illustration: Dorian Melton “Not the Flintstones”, 1987.  22” x 30”, conte chalks on watercolour paper


Have you ever wondered when humans first began to make art?

Imagine a campfire in the distant prehistorical past with sticks being shaped to hold bits of fresh meat over the fire for a meal. Having sharpened a stick well enough to do what was necessary; perhaps one of our ancestors scratched an extra mark or two to add pure decoration to their cooking tool (as a parent; I can easily imagine that doing so might have been one tactic employed to keep scrappy siblings from battling to establish ownership of the same stick).

I love a good “origin” story as so many beginnings can only be visualized through the power of imagination. I hope you will enjoy the following article found on the Smithsonian Second Opinion website as much as I did.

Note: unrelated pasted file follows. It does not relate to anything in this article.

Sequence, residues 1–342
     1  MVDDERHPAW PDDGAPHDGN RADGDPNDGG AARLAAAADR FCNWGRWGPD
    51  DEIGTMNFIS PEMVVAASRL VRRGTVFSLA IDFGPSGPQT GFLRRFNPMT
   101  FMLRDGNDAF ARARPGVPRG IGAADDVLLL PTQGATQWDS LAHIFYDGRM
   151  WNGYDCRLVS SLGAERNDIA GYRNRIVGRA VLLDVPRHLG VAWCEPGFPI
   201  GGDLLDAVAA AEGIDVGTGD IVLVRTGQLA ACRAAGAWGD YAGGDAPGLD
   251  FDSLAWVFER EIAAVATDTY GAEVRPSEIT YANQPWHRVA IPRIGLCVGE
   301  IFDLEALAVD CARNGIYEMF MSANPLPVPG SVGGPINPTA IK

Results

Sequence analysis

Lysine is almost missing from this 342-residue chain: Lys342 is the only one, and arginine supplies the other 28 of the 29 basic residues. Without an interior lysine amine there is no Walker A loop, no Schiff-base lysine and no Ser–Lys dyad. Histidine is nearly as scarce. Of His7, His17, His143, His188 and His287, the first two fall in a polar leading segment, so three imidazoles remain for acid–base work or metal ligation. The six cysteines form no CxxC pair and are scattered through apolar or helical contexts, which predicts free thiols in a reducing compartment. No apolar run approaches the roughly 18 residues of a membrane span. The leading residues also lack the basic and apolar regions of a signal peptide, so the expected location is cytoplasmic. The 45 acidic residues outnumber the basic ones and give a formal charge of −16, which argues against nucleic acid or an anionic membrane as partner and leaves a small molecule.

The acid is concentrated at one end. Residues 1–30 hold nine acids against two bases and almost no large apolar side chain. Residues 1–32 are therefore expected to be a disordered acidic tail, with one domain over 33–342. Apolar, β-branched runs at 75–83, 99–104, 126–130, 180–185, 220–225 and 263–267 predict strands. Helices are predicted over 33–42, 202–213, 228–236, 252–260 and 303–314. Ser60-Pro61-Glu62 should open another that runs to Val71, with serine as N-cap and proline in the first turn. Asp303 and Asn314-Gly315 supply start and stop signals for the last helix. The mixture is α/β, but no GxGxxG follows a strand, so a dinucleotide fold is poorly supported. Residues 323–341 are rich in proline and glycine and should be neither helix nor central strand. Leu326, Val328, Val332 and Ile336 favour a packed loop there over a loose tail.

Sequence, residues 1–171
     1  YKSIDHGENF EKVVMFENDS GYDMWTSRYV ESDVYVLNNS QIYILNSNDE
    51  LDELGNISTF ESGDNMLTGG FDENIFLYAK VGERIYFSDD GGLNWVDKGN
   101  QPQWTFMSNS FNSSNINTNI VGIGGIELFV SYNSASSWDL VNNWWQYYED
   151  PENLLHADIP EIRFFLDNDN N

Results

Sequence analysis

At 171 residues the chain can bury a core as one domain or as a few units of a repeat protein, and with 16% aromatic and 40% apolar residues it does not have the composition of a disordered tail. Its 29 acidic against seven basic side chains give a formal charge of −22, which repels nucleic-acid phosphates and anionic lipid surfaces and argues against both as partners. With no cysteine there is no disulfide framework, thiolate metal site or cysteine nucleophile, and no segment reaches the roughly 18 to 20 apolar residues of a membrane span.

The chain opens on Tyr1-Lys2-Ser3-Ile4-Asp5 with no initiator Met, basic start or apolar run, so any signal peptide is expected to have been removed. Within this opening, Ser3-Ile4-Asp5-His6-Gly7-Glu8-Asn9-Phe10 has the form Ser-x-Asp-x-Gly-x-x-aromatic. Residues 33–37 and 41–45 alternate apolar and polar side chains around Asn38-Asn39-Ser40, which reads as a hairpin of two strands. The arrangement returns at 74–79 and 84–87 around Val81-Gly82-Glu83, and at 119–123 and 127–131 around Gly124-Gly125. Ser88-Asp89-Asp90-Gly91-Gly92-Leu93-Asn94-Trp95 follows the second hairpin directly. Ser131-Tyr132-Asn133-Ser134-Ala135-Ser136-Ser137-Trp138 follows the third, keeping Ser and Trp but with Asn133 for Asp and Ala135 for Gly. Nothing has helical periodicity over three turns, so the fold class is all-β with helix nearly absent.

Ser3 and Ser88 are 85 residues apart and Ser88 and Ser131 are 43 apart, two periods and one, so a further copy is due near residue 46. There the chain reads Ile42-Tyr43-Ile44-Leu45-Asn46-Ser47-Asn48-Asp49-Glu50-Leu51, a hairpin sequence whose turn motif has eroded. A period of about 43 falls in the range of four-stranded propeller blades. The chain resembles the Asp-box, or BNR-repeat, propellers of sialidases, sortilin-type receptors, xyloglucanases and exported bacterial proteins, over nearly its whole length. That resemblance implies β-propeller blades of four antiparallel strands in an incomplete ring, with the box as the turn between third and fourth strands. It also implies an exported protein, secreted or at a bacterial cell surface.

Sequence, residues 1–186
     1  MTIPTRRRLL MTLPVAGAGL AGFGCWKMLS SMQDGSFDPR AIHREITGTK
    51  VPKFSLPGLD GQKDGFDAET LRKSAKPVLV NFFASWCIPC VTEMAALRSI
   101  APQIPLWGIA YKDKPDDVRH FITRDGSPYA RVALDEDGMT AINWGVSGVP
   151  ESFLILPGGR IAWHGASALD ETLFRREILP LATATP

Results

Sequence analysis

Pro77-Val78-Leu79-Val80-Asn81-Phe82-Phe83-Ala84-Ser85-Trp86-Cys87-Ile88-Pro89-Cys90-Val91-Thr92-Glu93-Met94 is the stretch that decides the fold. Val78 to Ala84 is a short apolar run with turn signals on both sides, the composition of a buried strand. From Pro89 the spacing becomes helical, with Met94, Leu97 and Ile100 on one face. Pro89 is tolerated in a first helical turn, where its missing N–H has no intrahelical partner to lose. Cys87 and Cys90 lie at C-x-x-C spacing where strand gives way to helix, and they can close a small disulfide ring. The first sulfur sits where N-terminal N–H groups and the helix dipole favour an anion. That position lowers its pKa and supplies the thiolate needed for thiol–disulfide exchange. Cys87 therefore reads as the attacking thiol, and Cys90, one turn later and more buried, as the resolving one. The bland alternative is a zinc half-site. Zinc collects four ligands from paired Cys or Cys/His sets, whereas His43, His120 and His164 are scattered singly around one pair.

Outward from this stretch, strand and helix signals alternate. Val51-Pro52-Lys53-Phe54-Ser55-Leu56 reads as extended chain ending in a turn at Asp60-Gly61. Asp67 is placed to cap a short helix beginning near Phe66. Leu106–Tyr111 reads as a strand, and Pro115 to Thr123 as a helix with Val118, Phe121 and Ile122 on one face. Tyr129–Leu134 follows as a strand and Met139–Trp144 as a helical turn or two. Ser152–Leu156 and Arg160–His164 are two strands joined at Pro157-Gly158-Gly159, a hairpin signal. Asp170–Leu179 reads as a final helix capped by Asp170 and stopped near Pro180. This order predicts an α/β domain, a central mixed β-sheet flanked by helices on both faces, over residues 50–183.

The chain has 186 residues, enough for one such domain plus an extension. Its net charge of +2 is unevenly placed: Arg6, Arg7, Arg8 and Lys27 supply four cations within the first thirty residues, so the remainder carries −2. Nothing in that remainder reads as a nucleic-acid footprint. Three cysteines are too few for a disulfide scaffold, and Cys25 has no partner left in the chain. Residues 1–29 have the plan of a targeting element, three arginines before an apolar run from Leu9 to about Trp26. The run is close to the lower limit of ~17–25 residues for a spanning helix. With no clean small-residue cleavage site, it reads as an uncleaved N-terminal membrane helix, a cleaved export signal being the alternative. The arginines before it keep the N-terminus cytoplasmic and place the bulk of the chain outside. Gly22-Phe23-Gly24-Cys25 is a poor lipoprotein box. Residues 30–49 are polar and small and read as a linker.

From the article The Ancient origins of Art.(

“Back in the ’60s and ’70s, Paleolithic archeologists considered art as just kind of the cherry on the cake if you like—art wasn’t considered to be evolutionarily important. It’s what you did if you had time to do it, but it really didn’t serve an evolutionary function; it had no adaptive value. I think we’ve gone very far from that to a position today where we think that symbolic behavior is absolutely critical to the way that human societies interact and are structured.”

– interview of Randall White, paleoanthropologist, by William Allman


About the illustration: This drawing is based on a photo taken while visiting a Dinosaur park in the vicinity of Cobourg Ontario in 1987. This particular style lasted for exactly 3 drawings and no more. – D.M.